PhD Thesis Proposal: Jeremy E. Thompson

Thursday, December 20, 2018, 1:00–3:00pm

Rm. 201, MacLean ESC (Rett's Room)

“Critical Components of Fake News”

Abstract

Fake news has become a serious concern, as distributing misinformation has become a trivial endeavor with noticeable effect. Social media’s attempts to remedy the spread of fake news have yielded only modest results. A solution is critically required, but choosing the right solution is perhaps just as critical. One solution would be to ban fake news, but that approach could create more problems than it solves, and would also be problematic from the beginning, as in order for it to be banned it must first be identified. What is proposed is a method to automatically recognize suspected fake news, and to provide news consumers, as well as researchers, historians, and journalists, with more information as to its veracity. The emphasis here is on the claim of “news”. For example, opinion pieces are not news, but opinion pieces in the guise of news are viewed as “fake news.”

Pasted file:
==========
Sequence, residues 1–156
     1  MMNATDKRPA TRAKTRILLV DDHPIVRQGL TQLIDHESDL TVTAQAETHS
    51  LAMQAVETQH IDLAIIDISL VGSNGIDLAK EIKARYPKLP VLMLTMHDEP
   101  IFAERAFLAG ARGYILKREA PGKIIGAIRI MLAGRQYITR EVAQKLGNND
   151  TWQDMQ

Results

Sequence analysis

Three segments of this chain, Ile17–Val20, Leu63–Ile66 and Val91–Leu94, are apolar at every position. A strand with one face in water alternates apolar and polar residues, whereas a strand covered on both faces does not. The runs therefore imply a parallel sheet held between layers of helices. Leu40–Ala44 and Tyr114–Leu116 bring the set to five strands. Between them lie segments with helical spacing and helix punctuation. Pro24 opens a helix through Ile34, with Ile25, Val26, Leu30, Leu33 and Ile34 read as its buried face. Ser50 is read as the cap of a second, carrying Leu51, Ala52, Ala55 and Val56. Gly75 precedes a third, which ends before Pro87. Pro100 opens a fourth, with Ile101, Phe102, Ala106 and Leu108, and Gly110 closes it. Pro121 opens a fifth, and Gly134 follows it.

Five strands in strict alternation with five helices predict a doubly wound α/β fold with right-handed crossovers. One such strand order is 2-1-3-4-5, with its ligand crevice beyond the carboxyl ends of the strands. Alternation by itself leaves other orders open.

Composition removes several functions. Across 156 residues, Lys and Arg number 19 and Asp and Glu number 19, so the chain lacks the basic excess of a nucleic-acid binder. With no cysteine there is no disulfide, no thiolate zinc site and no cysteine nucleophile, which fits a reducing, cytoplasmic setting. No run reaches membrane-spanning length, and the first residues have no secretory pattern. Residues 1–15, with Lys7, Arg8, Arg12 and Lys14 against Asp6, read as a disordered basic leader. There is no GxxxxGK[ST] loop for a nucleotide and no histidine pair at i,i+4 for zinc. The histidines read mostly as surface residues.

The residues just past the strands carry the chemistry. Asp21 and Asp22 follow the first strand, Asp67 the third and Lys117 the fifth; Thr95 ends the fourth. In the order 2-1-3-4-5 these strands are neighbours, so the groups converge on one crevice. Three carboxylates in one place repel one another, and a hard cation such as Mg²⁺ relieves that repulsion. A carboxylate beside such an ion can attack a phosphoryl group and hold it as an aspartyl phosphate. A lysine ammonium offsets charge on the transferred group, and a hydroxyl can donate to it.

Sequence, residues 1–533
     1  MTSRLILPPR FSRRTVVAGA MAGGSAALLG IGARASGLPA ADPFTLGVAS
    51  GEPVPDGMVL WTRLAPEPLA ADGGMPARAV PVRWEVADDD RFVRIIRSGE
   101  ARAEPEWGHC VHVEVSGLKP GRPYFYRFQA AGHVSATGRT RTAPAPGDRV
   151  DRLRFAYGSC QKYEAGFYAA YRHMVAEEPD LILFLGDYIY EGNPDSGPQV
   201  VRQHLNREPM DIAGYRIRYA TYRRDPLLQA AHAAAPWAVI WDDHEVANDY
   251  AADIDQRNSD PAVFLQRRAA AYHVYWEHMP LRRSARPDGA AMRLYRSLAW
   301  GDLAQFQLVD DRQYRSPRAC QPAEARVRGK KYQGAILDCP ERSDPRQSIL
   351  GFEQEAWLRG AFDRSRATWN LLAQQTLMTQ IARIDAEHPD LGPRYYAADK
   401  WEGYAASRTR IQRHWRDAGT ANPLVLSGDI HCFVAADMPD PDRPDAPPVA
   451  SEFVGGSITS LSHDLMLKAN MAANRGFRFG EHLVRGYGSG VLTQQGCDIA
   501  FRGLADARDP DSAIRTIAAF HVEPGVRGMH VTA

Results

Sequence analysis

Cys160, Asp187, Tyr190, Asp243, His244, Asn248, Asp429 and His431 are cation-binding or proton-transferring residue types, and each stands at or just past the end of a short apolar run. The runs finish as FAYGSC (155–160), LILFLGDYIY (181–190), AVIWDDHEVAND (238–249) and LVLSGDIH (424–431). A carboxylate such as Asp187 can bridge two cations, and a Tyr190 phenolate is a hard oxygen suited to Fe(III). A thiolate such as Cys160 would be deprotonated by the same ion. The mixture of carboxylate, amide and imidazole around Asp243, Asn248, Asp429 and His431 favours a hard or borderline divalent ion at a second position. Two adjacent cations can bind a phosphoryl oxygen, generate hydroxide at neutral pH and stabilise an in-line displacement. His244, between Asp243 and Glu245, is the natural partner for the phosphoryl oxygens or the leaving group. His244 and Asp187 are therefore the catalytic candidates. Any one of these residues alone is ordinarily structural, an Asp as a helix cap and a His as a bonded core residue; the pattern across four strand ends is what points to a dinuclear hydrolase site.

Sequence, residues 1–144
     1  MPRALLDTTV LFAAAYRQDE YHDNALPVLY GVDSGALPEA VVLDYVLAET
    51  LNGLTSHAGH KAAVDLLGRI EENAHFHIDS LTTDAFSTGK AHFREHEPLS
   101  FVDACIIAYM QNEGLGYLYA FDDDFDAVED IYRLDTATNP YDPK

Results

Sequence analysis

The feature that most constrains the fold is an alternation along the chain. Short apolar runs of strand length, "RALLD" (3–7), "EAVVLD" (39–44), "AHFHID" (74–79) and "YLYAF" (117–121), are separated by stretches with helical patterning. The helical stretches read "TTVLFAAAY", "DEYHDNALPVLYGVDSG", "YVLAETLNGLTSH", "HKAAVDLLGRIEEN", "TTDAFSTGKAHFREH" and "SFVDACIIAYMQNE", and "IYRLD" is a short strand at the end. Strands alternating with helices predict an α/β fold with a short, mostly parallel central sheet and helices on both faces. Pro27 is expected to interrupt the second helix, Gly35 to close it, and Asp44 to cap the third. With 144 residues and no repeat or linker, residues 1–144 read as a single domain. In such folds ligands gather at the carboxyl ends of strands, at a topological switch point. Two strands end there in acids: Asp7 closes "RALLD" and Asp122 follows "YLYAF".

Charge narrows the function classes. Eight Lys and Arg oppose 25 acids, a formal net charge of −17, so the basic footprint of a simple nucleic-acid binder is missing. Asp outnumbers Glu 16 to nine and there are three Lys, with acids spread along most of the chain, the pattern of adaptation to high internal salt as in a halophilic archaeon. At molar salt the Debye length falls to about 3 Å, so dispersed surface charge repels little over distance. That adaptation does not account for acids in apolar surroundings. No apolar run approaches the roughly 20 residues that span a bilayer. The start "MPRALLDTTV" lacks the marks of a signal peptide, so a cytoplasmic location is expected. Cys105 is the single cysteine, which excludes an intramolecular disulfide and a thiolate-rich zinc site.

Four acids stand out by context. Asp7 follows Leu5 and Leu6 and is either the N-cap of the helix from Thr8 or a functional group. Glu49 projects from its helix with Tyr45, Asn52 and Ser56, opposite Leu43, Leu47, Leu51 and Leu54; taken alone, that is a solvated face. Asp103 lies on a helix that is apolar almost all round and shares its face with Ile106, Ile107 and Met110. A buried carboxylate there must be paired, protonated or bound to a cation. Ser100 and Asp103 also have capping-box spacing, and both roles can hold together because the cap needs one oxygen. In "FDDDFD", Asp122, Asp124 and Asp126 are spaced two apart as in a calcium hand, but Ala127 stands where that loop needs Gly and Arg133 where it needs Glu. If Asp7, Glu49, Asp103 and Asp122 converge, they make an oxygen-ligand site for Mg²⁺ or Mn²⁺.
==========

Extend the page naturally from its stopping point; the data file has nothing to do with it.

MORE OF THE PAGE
It is suggested that fake news is comprised of two primary components: premises and misleading content. Those two pieces form a foundational framework to evaluate news items. A fake news piece can be condensed down to a collection of premises, which may or may not be true, and to various forms of misleading material, including biased arguments and language, misdirection, and manipulation. Through this lens, deceptions, via either false premises or misleading arguments, are more apparent. The premises, standing alone and highlighted, can be evaluated for their basis in truth and according to the beliefs of the consumer. The misleading content can be exposed for whatever biases it contains, regardless of the intent of the author. The value of this framework lies not only in its practical utility to the public, but also in the light it will shed on the prevalence of bias and the absence of balance in many news stories. Expected contributions include a working definition for fake news, a framework for recognizing fake news according to its components, the framework’s ability to assess historical news sources to measure trends in journalistic objectivity over time, its applicability to plainly identify the undermining of science with biased reporting and pseudoscience, and an improved understanding of misleading information in media.

Thesis Committee

For more information, contact Daryl Laware at daryl.a.laware@dartmouth.edu.